NYE West Texas Bike-packing Trip Report

It is funny how so very often when we leave the comforts of home, as we pass through the pain and uncertainty, that we find the hearth full of kindness where-ever the road may take us.

From the morning of December 28th, 2017 to mid-afternoon January 1st, 2018, I explored roads seldom travelled and gazed upon vistas rarely seen. Leaving the warmth of my little desert home I spent hour after hour pedalling across those rocky west Texas back-country ranch roads. Yet daily, I also found myself welcomed into the homes of friends, acquaintances and strangers.


Go time! 9:15am Dec 28 from Desert Sports



Thursday morning at 9:15, accompanied by Kt and that most unfathomable frenchman, Manu, Isabelle[the Moots] rolled out of Desert Sports. Forty minutes later we arrived at Mark’s home, hot coffee and happy dogs waiting our arrival. While Kt turned around, Mark joined Manu and I for the ride through the Lajitas Trails and into Big Bend Ranch State Park. Mark peeled off at the Buena Suerte Mine, Manu at the Rincon/Epic split. After that, just me and my bike, riding trails so very familiar yet always remarkable.

Somewhere on the Old Government Rd. Photo credit Manu Gaillard.

Day 1, Los Portales foolishness, BBRSP.

Where Pila Montoya hits the Main Park Road, rather than turning left towards the Sauceda Ranger Station, I turned right continuing another few miles to Los Alamos. During last year’s new years eve trip I refilled my water at the vacant Los Alamos residence. This year, it is home to State Park employee Garrett.


Moon over camp, Los Alamos residence, BBRSP

Having been in touch with Garrett via e-mail before the trip, he had kindly offered a place to refill water and make camp. He wouldn’t be there those days anyhow. It helped get the trip off to good start. Thank you, Garrett.

All told Day 1 covered about one mile of pavement, 39 miles of trail and 3 miles of dirt roads. Click here for route info starting bout 2miles into the State Park to the Los Alamos residence. (First 15miles of the day not recorded)

Dinner included two packets of ramen noodles, two pre-hard-boiled eggs, several big slices of parmesan cheese and a few handfuls of dried cranberries for desert. And a tot of whiskey.

Dinner, Los Alamos residence, BBRSP



Friday morning I was again on the bike by 9:15am after consuming two cups of Starbucks Via instant coffee, two packets of instant oatmeal with a handful of dried cranberries and my last hard-boiled egg.

The route for the day was simple enough; head north a couple miles, heave my bike over the Park boundary gate and keep rolling northwest for about 60 miles to Marfa.

Last year, where Bandera Mesa Rd intersects Casa Piedra Rd, I turned left, heading southwest back into the Park. This year I took Casa Piedra Rd north, slowly climbing all the way to highway 67. From there, just an easy seven miles to Marfa. In total, about 32miles of dirt ranch roads and another 33 on pavement. Those final seven miles of highway notwithstanding, I don’t think I saw more than five vehicles all day.

Not knowing if there were any natural water resources along those 65 miles, I was relieved a few weeks earlier when my friend Tim mentioned he might know someone out that way.  Tim contacted Zach and Zach put me in touch with his mother who lives in the La Plata area on Casa Piedra Rd.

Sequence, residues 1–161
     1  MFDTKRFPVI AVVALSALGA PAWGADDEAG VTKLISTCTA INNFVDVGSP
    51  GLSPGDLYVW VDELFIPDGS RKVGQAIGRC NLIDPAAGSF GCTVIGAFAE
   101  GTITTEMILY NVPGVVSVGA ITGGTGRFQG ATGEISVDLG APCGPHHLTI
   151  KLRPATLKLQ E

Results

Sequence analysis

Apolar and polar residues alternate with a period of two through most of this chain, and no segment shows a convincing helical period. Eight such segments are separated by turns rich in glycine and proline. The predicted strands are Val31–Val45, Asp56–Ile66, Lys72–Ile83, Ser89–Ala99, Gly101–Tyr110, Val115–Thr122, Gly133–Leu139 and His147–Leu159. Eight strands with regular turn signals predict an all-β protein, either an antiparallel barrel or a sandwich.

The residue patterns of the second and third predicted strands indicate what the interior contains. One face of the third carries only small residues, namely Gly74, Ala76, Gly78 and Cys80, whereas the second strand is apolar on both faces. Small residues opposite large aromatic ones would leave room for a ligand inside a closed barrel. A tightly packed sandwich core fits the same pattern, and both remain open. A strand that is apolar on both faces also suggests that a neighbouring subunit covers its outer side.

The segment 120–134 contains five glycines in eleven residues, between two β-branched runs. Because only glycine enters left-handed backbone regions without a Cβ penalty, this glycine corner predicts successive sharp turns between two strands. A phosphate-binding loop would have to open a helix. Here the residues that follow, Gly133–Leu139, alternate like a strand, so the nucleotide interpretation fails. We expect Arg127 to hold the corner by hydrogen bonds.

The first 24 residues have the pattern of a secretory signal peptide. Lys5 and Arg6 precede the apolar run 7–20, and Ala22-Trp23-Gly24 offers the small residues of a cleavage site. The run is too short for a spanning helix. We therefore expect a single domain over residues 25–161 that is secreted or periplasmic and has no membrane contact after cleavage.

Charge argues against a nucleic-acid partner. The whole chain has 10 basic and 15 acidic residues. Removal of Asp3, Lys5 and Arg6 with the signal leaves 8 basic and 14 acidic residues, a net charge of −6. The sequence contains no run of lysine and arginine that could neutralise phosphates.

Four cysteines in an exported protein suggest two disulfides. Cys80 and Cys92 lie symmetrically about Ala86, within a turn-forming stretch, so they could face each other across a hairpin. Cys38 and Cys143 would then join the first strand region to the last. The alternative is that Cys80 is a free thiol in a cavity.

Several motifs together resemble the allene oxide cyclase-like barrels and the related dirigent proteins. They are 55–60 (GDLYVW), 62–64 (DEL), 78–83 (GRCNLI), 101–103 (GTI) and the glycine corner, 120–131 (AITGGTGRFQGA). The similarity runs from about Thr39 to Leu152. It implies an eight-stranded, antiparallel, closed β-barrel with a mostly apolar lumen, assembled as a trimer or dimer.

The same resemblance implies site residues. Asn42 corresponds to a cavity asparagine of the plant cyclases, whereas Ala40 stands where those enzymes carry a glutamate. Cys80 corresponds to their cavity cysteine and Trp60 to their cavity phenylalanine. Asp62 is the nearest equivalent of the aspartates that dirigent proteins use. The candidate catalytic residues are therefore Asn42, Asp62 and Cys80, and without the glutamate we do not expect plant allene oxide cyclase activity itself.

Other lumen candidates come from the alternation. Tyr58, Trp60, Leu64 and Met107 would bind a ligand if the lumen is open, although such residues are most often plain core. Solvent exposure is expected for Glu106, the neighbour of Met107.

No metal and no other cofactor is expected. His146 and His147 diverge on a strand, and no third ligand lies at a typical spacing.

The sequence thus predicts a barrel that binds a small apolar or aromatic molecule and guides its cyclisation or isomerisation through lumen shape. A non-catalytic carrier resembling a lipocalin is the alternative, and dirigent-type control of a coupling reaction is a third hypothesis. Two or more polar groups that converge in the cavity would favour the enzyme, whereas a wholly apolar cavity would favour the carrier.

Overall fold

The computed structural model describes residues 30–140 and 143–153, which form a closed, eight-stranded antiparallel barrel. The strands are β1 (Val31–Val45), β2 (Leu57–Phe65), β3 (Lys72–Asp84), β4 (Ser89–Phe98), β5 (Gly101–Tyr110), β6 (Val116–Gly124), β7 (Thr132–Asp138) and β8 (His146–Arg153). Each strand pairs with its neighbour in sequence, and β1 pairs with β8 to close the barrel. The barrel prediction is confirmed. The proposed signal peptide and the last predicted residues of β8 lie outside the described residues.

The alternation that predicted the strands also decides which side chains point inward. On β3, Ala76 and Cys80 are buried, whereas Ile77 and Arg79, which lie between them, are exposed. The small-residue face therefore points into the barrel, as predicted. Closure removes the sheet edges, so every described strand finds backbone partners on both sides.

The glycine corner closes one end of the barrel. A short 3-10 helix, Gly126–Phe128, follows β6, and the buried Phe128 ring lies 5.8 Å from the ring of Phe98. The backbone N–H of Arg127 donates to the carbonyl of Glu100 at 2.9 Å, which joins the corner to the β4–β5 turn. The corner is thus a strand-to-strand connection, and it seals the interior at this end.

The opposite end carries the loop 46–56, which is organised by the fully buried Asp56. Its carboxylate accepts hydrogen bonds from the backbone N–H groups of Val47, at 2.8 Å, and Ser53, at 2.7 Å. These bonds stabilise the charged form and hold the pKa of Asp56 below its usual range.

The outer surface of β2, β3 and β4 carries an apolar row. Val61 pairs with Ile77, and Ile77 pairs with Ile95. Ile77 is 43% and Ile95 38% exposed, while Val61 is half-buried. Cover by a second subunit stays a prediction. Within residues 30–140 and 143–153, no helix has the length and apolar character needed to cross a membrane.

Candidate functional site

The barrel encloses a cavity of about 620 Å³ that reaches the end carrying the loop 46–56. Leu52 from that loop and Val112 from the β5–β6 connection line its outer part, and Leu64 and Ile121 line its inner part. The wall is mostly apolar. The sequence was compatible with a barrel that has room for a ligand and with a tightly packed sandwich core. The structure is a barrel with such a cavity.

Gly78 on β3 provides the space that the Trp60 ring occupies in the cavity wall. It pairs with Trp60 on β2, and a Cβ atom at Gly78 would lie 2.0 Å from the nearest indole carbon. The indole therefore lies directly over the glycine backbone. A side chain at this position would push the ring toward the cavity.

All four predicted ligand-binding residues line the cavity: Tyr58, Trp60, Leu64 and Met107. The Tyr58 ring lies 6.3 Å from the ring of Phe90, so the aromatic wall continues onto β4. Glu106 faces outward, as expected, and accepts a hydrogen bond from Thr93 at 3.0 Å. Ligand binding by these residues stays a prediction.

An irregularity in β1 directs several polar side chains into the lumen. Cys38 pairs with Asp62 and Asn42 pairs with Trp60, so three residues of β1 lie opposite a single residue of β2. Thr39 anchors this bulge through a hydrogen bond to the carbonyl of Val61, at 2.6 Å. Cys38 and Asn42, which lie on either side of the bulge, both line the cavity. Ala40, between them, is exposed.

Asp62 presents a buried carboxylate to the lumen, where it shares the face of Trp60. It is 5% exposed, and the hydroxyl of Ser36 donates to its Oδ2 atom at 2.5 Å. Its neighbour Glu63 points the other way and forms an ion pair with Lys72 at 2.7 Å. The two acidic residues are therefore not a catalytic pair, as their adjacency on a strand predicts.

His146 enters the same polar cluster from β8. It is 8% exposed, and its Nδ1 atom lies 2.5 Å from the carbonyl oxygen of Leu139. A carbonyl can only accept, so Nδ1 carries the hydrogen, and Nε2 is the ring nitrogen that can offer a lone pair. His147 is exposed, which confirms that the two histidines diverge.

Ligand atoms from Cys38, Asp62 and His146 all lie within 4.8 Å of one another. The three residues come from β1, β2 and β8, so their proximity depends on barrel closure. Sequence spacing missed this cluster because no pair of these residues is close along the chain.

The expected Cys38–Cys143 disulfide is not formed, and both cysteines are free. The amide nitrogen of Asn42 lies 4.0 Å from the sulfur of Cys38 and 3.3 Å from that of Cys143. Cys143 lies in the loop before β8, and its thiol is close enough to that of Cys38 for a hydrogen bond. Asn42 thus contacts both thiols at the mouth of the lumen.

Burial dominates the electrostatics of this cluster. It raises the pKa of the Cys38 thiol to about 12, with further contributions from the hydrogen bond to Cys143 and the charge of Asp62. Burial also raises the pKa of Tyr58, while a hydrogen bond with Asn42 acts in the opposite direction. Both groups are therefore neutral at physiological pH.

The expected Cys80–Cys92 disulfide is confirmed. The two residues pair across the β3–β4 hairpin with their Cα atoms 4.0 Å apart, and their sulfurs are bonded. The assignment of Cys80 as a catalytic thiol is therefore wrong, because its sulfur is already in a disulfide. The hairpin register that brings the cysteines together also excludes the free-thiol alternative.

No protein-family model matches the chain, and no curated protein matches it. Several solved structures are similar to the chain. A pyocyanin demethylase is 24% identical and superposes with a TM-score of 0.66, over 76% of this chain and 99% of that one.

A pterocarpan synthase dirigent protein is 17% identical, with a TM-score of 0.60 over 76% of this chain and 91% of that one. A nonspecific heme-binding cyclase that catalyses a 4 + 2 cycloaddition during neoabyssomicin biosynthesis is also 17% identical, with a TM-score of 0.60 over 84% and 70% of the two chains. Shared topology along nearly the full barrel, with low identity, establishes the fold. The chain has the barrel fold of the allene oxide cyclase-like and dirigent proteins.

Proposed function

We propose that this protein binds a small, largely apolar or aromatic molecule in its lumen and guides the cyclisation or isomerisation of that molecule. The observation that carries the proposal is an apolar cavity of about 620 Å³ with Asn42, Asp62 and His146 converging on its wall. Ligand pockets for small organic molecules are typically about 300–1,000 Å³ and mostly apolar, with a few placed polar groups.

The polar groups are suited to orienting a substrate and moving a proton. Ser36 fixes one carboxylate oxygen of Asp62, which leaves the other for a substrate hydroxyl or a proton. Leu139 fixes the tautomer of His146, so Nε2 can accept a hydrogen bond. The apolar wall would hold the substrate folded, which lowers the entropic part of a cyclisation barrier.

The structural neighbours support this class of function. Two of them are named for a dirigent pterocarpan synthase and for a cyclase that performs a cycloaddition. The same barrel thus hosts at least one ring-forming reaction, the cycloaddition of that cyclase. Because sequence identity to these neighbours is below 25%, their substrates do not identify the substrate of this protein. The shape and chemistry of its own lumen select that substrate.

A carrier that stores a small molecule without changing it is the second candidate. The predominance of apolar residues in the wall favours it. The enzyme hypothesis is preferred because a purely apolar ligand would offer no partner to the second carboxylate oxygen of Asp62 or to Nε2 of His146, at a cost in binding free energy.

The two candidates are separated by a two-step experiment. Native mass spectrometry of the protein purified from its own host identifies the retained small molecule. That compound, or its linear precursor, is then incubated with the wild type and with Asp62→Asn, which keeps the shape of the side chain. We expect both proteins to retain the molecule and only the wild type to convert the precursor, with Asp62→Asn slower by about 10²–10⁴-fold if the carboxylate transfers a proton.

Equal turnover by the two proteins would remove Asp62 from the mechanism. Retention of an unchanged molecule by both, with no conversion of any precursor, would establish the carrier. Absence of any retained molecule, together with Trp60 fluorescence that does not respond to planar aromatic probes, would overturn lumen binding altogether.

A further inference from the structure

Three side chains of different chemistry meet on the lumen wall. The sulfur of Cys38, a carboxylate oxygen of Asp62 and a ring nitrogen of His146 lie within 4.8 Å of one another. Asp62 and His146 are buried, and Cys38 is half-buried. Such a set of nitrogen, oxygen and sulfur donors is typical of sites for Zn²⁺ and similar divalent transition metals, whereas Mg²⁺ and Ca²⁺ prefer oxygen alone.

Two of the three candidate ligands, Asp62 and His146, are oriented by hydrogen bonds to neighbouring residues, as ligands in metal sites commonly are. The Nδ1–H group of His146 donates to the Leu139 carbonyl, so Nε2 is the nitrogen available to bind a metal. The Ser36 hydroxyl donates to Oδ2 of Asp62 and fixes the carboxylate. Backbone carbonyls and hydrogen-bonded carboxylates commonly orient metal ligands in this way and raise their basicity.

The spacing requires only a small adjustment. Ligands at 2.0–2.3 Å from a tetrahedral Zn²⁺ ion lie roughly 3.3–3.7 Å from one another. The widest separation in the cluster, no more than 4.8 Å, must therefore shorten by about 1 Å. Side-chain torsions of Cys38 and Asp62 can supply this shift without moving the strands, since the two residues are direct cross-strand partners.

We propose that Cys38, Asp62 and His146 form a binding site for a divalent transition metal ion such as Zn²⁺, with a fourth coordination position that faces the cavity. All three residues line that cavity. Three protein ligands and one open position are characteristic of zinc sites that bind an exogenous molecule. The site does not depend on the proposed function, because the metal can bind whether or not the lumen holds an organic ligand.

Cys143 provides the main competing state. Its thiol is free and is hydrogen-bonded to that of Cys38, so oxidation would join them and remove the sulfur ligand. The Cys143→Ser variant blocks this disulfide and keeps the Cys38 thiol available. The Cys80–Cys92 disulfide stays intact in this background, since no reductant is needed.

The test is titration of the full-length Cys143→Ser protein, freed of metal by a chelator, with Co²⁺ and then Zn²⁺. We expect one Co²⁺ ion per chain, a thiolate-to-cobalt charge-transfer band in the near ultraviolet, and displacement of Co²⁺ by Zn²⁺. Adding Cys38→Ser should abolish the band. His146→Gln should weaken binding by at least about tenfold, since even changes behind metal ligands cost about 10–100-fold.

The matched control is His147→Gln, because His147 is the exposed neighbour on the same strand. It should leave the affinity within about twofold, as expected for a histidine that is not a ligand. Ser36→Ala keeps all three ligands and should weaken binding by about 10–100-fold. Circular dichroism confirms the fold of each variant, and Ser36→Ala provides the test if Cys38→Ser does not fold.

Although we’d never met, although we’d only exchanged a couple of emails, Lisa invited me in to the house, gladly filled my bottles, offered me snacks and many genuine words of encouragement. All served with the friendliest smile. As we chatted, she even offered to put me in touch with a local landowner for possible future adventures. Bidding each-other a fine day and happy new year, I continued along that barren road, flat and straight for miles and miles. Thank you Lisa and Zach.


Bandera Mesa Rd and San Jacinto Mountain. Closer, that point looks like a mighty fist punching out of the mountain. Quite impressive.


Train tracks heading southwest towards Casa Piedra


Looking over my shoulder down Casa Piedra Rd towards Tascotal Mesa.

Just south of Marfa I hit the Border Patrol Check Point. Apart from asking how my ride was going, the only other comment from the Border Agent was in reference to my passport photograph: “Man, that is an EPIC moustache” he roared laughing as he handed back the document. I had forgotten that the picture in my passport is from when I had that most ridiculous moustache a few years ago. Whatever helps ease my passage through those damn Check Points, I guess.

Bandera Mesa Rd/Casa Piedra Rd intersection. The pole offered a bit of shade for a lunch break.

In Marfa, as I did when I first cycle-toured through Texas eight years ago, I stayed with Joey and his family. Joey, Faith, all their teenage kids and several more welcomed me with huge smiles and open arms. Barely having a moment to relax, Joey was on me: “Come on man, let me show you the pump track I built, it’s just down the creek.”

Taking his son’s Rocky Mountain mountain-bike, I followed. What a treat! Joey has built a super flowey, fast and smooth, one kilometre long(0.6mile) pump track loop in the Alamito Creek. It was fantastic. While he stayed to rip around a few more laps, I returned to his house, cracked a beer and hopped in the shower. Oh the glory of a shower after two days riding bikes in the desert!

For dinner, a huge meal was prepared. Pork tenderloin, roasted root vegetables, spinach salad, apple pie and pound cake for desert. Yes, I ate a lot and it was grand. Joey’s father joined us as well as two lovely graduate students who happened to be visiting the area. Joey met them that day and just invited them for dinner. Truly, the love, kindness and generosity runs thick in this home.

The next morning, filling myself with pie, cake and coffee, Joey, Faith and I chatted away. All the while, I felt the comfort of being surrounded by the love of kin. I smiled.